Picture showing white sows in farrowing stalls. National Hog Farmer

Best practices to manage seasonal infertility

To minimize the effects of seasonal infertility, we need to understand the underlying causes and the mechanisms leading to its clinical manifestations.

By Perle E. Boyer, University of Minnesota College of Veterinary Medicine, and Glen W. Almond, North Carolina State University College of Veterinary Medicine
Seasonal infertility is characterized by decreased breeding and farrowing performances in swine usually occurring in late-summer and/or early fall. The phenomenon is not recent and can be observed in a more obvious fashion in wild boars (Sus scrofa ferus), which do not mate after the month of September, avoiding winter farrowings.

Seasonal infertility is a multifactorial syndrome meaning that it is caused by several elements such as temperature, photoperiod, nutrition and genetics. Most of these parameters are influenced by the time of the year, giving first the name “summer infertility” then “seasonal infertility” to the syndrome.

How does it manifest itself?
The clinical manifestations of seasonal infertility are numerous and start with the pre-pubertal female. Indeed, warm summer temperatures have been shown to delay the first estrus in gilts. Reduced production of Luteinizing Hormone by the pituitary gland limits follicle growth beyond 5 millimeters and therefore, prevents the gilt from coming into heat. Reduced basal concentration of LH seems to be one of the major factors leading to female infertility during the summer. In addition to a delayed onset of puberty, the farm can experience an increased number of sows having a longer weaning to estrus interval or even not coming back into estrus at all. After the sows are bred, regular return into heat around 21 days after breeding can be experienced in the summer whereas irregular returns, after 21 days, are more common in the fall, suggesting a problem with the corpus luteum and the maintaining of the pregnancy. Early pregnancy loss can be due to lower LH concentration as well as problems with the maternal recognition of pregnancy, which happens around day 12 post-insemination.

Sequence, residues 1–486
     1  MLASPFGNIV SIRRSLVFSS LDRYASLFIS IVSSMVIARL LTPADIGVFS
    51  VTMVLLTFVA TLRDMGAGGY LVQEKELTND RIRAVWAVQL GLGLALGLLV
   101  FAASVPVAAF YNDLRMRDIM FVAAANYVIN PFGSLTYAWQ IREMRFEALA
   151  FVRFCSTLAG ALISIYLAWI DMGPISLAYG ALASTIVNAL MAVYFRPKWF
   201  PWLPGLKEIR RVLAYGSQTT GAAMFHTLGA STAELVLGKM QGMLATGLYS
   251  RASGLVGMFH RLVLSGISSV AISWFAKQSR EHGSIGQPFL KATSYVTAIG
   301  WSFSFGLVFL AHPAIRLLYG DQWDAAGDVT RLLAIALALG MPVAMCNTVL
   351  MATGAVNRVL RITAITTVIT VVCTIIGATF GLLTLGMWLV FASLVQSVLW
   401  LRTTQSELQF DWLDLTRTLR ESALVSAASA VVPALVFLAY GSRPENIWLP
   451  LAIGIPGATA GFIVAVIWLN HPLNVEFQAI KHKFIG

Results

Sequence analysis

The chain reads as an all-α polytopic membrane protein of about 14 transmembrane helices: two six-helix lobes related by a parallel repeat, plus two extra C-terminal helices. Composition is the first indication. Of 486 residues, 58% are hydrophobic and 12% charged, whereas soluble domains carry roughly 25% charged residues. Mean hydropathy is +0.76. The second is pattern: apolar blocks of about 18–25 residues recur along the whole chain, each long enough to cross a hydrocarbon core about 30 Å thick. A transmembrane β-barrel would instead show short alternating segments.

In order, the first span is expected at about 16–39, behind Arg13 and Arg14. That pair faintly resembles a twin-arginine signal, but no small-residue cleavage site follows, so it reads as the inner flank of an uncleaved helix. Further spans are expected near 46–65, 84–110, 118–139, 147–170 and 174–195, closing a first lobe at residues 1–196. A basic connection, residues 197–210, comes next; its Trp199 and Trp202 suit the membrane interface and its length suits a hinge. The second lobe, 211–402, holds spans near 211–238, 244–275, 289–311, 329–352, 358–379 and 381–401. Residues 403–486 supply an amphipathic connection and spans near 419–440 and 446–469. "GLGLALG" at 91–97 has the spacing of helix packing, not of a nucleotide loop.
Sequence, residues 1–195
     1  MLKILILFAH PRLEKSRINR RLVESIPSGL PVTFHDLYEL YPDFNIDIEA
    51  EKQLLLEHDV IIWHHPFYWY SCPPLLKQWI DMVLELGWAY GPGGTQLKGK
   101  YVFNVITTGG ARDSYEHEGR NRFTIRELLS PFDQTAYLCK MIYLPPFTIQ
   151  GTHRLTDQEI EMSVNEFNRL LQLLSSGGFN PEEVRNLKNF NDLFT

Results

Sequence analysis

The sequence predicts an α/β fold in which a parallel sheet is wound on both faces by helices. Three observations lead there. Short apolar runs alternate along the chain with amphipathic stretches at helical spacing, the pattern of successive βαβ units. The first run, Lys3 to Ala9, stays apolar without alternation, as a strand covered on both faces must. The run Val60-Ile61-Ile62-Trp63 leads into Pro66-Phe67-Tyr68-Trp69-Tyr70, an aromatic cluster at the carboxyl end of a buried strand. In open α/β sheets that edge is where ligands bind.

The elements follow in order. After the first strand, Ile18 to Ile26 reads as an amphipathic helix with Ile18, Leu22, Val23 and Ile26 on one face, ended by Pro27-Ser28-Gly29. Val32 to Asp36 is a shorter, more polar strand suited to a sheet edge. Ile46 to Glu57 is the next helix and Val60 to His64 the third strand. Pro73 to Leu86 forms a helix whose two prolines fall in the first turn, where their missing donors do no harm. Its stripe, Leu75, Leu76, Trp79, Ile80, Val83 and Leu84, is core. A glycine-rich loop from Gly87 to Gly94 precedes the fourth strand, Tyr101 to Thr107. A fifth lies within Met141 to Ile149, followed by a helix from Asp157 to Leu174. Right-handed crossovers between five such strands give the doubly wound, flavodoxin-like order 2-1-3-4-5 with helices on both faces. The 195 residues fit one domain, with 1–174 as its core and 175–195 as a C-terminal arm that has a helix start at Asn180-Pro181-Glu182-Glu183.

All of these issues lead to a decreased farrowing rate, which can be recorded in production records as open sows during pregnancy check or as fail-to-farrow. Seasonal effect on litter size have been mainly associated with heat stress. Indeed, elevated temperatures can decrease the number of embryos and may lead to pregnancy loss if this number is too low to maintain the pregnancy.

Lastly, seasonal infertility can show as Autumn Abortion Syndrome. AAS is characterized by an increased number of abortions in a farm during the first fall days when temperatures are warm during the day but cold at night.

Effects of seasonal infertility are numerous but not all are necessarily seen in every farm. To assess the impact seasonal infertility has on your production, it is important to look at production records and at the evolution of the reproductive performances during the entire year.

In summary, seasonal infertility may manifest as delayed puberty, longer WEI, decreased conception and farrowing rates subsequent to summer matings, diminished litter sizes (increased stillbirths and decreased total born) and more abortions in the autumn months.

Is seasonal infertility only affecting the dam?
When talking about seasonal infertility, most people refer to the consequences on the breeding herd as detailed above. However, boars too experience a decrease in their fertility after a heat stress of short (two days) or long (couple of months) duration. This is particularly true when barn temperatures rise above 83 degrees F but consequences in sperm quality can be noticed with temperature just above boars’ thermoneutral comfort zone of 72 degrees F.

Heat can decrease a boar’s libido, but it also damages the germ cells in the testes. Germ cells are sperm cell precursors, created in the reproductive tract of the boar. Under heat stress, they can evolve into abnormal and inefficient sperm cells. For example, their morphology or the shape of their head can be modified, impairing their motility and their ability to fertilize the egg. Most recent studies suggest that beyond the morphologic modifications, the sperm cells’ DNA could also be damaged by the increased temperature, leading to embryonic death early after fecundation. Additionally, the collected volume of semen is also decreased during that time. Such consequences can still be observed for up to four weeks after the environmental temperature is back to normal.

How can I manage seasonal infertility in my farm?
Seasonal infertility can manifest itself in various ways and the severity of its consequences varies tremendously from one farm to the next. Therefore, before attempting any type of interventions, one should review and compile reproductive records for the past few years to analyze performances of the herd during summer/early fall compared to the rest of the year, looking for a repeatable pattern.